- Passive holding of the disputed domain name in the circumstances of this case. WIPO Overview 3.0 states that “from the inception of the UDRP, panelists have found that the non-use of a domain name would not prevent a finding of bad faith under the doctrine of passive holding” and the panelists “will look at the totality of the circumstances in each case” (par. 3.3). The Panel notes that passive holding per se does not indicate bad faith. However, the totality of the circumstances of this dispute indicates bad faith of the Respondent, in particular: i) strength and reputation of the “Klarna” mark as indicated above, ii) failure of the Respondent to respond and take part in this proceeding and iii) the implausibility of any good faith use to which the disputed domain name may be put – the Panel does not find any circumstances under which the Respondent could legitimately use the disputed domain name that is so closely associated with the Complainant, its “Klarna” trademark and “The Klarna Group” business. Any possible explanation of a potential legitimate use is solely within the Respondent’s knowledge and the Respondent failed to respond and provide any explanations. As noted by the Panel in WIPO Case No. D2022-1193: “The Respondent, having neglected to participate in these proceedings, did not bring any evidence to support any good faith reason for having chosen to register <klarnacustomersupport.com>; such evidence is not apparent from the record, and the Respondent has to bear the consequences of its default in that regard”.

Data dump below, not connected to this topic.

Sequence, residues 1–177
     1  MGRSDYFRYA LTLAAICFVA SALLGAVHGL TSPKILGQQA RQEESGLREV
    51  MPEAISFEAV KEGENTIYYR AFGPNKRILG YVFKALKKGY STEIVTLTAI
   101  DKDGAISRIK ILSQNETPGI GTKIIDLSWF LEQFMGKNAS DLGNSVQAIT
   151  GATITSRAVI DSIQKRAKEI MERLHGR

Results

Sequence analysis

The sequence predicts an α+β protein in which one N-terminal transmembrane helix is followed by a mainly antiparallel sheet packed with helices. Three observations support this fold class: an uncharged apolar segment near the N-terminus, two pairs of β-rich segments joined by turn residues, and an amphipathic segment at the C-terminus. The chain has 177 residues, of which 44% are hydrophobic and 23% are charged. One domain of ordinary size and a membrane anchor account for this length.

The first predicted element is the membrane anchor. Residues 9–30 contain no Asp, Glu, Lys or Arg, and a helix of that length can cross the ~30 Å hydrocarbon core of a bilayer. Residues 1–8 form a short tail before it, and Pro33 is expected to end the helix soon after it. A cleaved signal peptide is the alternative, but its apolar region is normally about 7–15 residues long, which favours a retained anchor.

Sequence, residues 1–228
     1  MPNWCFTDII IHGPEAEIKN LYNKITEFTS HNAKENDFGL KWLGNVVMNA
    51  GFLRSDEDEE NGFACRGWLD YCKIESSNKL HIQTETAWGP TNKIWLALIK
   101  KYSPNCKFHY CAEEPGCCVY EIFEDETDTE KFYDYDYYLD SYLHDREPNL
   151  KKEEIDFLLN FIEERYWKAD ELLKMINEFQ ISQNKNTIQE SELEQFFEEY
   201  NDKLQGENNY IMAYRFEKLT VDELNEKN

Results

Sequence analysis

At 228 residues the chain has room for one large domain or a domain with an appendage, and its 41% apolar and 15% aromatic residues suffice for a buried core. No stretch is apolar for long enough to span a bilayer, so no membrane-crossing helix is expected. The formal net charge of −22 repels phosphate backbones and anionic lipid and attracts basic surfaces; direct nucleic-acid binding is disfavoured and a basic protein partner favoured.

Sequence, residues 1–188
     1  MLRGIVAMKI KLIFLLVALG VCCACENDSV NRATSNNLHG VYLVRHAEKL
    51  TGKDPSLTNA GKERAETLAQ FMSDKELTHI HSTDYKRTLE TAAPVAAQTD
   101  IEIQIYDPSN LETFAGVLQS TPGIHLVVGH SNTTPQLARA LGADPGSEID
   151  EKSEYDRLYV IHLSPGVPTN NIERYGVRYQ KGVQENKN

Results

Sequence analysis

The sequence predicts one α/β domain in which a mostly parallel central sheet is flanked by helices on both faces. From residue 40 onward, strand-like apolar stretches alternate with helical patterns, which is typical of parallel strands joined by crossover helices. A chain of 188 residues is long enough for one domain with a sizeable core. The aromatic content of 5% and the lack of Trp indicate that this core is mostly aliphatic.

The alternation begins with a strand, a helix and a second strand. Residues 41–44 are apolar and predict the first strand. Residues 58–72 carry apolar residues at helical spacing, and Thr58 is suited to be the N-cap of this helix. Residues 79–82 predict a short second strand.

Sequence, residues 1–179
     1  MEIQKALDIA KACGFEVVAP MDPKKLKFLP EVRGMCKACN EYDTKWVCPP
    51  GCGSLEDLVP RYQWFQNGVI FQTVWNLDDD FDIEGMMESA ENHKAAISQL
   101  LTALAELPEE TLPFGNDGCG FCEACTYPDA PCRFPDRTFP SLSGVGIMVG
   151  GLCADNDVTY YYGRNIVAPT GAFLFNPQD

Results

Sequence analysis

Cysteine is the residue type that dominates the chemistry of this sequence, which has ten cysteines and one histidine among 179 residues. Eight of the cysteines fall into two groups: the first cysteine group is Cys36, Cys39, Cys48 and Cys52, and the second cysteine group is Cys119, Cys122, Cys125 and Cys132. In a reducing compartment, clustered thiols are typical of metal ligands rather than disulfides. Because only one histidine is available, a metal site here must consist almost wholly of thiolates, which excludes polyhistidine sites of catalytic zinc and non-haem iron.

- The Panel finds that this is a clear case of targeting and an attempt to take unfair advantage of the Complainant’s trademark and reputation by the Respondent. There are no any rights or legitimate interests of the Respondent taking into account evidence on the record and facts of this case and the only apparent reason for registration of the disputed domain name is an intent of the Respondent to take advantage of the Complainant’s mark and business reputation.
Based on the above, the Panel finds that Respondent’s behavior falls within, at least, par. 4 b (iv) of UDRP and the Respondent by using the disputed domain name has intentionally attempted to attract, for commercial gain, Internet users to its web site, by creating a likelihood of confusion with the complainant's mark as to the source, sponsorship, affiliation, or endorsement and that the Respondent takes unfair advantage of the Complainant’s mark and targets the Complainant.
The Panel holds that the third requirement of the Policy has been satisfied.
- klarna-sofort.com: Transferred
|Name||Igor Motsnyi / Mocni Konsalting doo|